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A few summers back, Jon and Sharon Peterson of Charlotte NC attended one of our "Hummingbird Mornings" presentations at RibbonWalk: Charlotte's Botanical Forest. They've been enthusiastic hummingbird fans in the years since and are members of "Hummingbird Hobnob," a Yahoo! discussion group established for teachers, students, and adults in conjunction with Operation RubyThroat: The Hummingbird Project. Needless to say, the Petersons were ecstatic when Ruby-throated Hummingbirds that departed in September were replaced the last week in October by another hummer that didn't look quite like a their summer guests. As soon as Jon posted a note to "Hummingbird Hobnob" about this sighting of a possible "winter vagrant," we scheduled a visit with the goal of capturing, identifying, and banding the bird.
Charlotte is less than an hour from Hilton Pond Center for Piedmont Natural History, so we got to the Peterson's by 7 a.m. on 3 November without rising too early. When we arrived, Sharon mentioned that--as often seems the case--the hummingbird had visited the feeder just before we drove in, so we quickly set up our portable trap on a railing on the back deck. After placing the Peterson's feeder inside the trap, we set the sliding trapdoor release mechanism and stepped inside the house. Prior to this particular trapping expedition, all our winter vagrant hummingbirds away from the Center had been caught with swing-door pull-string traps. This method works beautifully but requires a length of monofilament and an open house door or window to operate. Our new trap uses an automobile door lock mechanism and a wireless remote--the ingenious "TrapTripper" designed by John Owens of Covington LA--which provides a much more convenient way to catch hummers.
It may have taken you longer to read this description so far than it did for us to catch the Peterson's hummingbird, which first visited the trap within three minutes following set-up and actually entered and was caught within a minute after that. This less-than-four-minute capture time broke our previous record of five minutes for an off-site hummer. (Not that trapping speed matters, but it's still fun to talk about!)
As we approached the trap, the bird hovered inside and fanned its tail, revealing feathers with rust-colored bases and immediately ruling out this individual as a late Ruby-throated Hummingbird. The quick-and-dirty ID was female Rufous Hummingbird, Selasphorus rufus, but because young males can resemble females in this species--and also those of the closely related Allen's Hummingbird, S. sasin--we had to take some measurements before making our final diagnosis.
In the end, the combination of wing chord and tail measurements pointed conclusively toward female Rufous Hummingbird, and tiny white tips on the next-to-central tail feathers (left) indicated it was a young bird hatched out in 2002. The hummer was in excellent shape, with good plumage that included eight tiny green or metallic red-orange throat feathers.
When measurements and ageing/sexing were completed, the hummer was banded, photographed, given some sugar water to drink, and adroitly released by Sharon Peterson. One unusual attribute of this particular bird was that it never opened its eyes during the entire banding process, something we'd never seen before while banding any hummingbird species.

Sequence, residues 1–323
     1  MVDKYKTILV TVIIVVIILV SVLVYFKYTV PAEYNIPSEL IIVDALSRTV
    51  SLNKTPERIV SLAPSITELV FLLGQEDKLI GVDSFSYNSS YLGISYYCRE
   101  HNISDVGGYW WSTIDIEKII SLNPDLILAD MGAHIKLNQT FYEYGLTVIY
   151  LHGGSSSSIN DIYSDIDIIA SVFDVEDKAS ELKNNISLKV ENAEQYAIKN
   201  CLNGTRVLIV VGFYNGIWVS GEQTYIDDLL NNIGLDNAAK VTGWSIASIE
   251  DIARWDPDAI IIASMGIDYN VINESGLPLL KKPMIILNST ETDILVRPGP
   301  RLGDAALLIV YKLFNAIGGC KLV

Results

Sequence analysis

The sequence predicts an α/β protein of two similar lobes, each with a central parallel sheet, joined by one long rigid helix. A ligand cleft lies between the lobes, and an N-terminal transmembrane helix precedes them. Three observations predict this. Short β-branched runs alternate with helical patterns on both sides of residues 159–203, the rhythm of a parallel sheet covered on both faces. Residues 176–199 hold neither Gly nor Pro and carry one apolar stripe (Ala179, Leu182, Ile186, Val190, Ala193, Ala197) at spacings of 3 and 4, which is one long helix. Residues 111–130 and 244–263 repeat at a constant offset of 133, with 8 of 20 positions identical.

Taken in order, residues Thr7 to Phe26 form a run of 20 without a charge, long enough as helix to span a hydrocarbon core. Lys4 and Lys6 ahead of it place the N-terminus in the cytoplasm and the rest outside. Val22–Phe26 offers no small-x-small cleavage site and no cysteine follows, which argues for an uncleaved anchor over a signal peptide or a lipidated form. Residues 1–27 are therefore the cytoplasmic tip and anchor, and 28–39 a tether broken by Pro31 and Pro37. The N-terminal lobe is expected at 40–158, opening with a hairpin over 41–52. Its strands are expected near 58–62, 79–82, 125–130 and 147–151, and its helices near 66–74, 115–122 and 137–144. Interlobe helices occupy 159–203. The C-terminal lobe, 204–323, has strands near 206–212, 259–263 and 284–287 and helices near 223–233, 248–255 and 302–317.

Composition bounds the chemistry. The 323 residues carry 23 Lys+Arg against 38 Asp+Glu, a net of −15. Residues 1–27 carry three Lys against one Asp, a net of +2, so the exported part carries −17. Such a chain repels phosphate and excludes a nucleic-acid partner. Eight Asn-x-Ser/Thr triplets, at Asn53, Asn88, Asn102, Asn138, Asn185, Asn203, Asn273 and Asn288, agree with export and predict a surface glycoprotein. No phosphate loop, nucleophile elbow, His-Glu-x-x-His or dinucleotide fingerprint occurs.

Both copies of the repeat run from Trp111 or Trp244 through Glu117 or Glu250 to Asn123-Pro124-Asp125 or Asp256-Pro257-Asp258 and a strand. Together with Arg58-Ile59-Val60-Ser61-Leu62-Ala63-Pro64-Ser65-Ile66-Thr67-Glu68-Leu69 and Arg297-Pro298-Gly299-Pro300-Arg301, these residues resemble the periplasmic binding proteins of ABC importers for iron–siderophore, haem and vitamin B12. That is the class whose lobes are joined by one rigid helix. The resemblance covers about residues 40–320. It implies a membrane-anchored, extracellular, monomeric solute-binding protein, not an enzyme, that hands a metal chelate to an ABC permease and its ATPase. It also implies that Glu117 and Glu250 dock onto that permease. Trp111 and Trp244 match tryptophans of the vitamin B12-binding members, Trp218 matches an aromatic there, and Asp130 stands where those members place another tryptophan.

Thanks to Jon and Sharon Peterson for the opportunity to band their Rufous Hummingbird and for participating in "Hummingbird Hobnob." For information on subscribing to the group, see the "Hummingbird Hobnob" Home page on Yahoo! Also be sure to visit our award-winning Web site for Operation RubyThroat: The Hummingbird Project. On it you'll find almost anything you want to know about hummingbirds, including more information about Hummingbird Banding.
Vital Statistics for Rufous Hummingbird #Y14814
Age/Sex--Hatch year female
If you're interested in sharing your hummingbird observations and learning from other enthusiasts, you may wish to subscribe to Hummingbird Hobnob, our Yahoo!-based discussion group. Also be sure to visit our award-winning Web site for Operation RubyThroat: The Hummingbird Project; on it you'll find almost anything you want to know about hummingbirds, including more information about Hummingbird Banding.
Students at GLOBE-certified schools may submit winter hummingbird observations as part of Operation RubyThroat and GLOBE. Students can also correlate hummingbird observations with data on abiotic factors, including atmosphere, climate, hydrology, soils, land cover, and phenology. See the "Protocols" section of the GLOBE Web site for details about this exciting collaboration.
For much more information about hummingbirds, visit
Operation RubyThroat: The Hummingbird Project
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Hilton Pond Center for Piedmont Natural History is a non-profit research & education organization in York, South Carolina USA; phone (803) 684-5852. Directed by Bill Hilton Jr., aka The Piedmont Naturalist, it is the parent organization for Operation RubyThroat. Contents of this website--including articles and photos--may NOT be duplicated, modified, or used in any way except with the express written permission of Hilton Pond Center. All rights reserved worldwide. To obtain permission for use or for further assistance on accessing this Web site, contact the Webmaster.